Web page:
• Thursday, Nov 21, 2019
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White House dismisses praise of Trump by New Zealand shooter

  • Published at 12:36 am March 18th, 2019
White House
The White House is pictured shortly after sunrise Reuters

Trump on Friday condemned the 'horrible massacre' at the mosques and the White House called the shooting a 'vicious act of hate'

The White House pushed back on Sunday against any attempt to link President Donald Trump to the accused shooter who killed 50 people in two New Zealand mosques, saying the act of a disturbed individual cannot be blamed on any one politician.

"The president is not a white supremacist. I'm not sure how many times we have to say that," White House acting chief of staff Mick Mulvaney said on "Fox News Sunday."

Trump on Friday condemned the "horrible massacre" at the mosques and the White House called the shooting a "vicious act of hate."

Asked by a reporter on Friday if he sees white nationalism as a rising threat around the world, Trump said: "I don’t really. I think it’s a small group of people."

The accused gunman’s manifesto praised the US president as "a symbol of renewed white identity and common purpose," even though he did not support his policies. The reference revived criticism that Trump has not been strong enough in condemning hate speech and has fomented anti-Muslim sentiment.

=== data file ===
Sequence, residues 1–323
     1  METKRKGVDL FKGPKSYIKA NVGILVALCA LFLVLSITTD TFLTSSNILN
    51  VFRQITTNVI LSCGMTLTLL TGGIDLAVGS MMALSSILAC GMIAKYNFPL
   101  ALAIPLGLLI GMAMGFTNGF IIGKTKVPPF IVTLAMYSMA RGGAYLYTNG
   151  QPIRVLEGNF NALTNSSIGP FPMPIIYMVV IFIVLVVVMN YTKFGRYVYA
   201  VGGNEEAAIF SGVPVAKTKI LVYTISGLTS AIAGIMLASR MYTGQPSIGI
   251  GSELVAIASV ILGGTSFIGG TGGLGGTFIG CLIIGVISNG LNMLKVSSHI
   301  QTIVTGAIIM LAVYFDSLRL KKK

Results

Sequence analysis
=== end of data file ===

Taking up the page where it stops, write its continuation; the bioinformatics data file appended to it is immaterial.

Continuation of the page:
"I don't think it's fair to cast this person as a supporter of Donald Trump," Mulvaney said. "Any more than it is to look at his eco-terrorist passages in that manifesto and align him with [Democratic House Speaker] Nancy Pelosi or Ms Ocasio-Cortez," a Democratic congresswoman.

"This was a disturbed individual, an evil person," he said.

Trump drew strong criticism in the days after a deadly white supremacist rally in Charlottesville, Virginia, in 2017 when he equated white supremacists with counter-protesters and saying "both sides" were to blame.

"Time and time again, this president has embraced and emboldened white supremacists—and instead of condemning racist terrorists, he covers for them. This isn't normal or acceptable," Senator Kirsten Gillibrand, a 2020 Democratic presidential.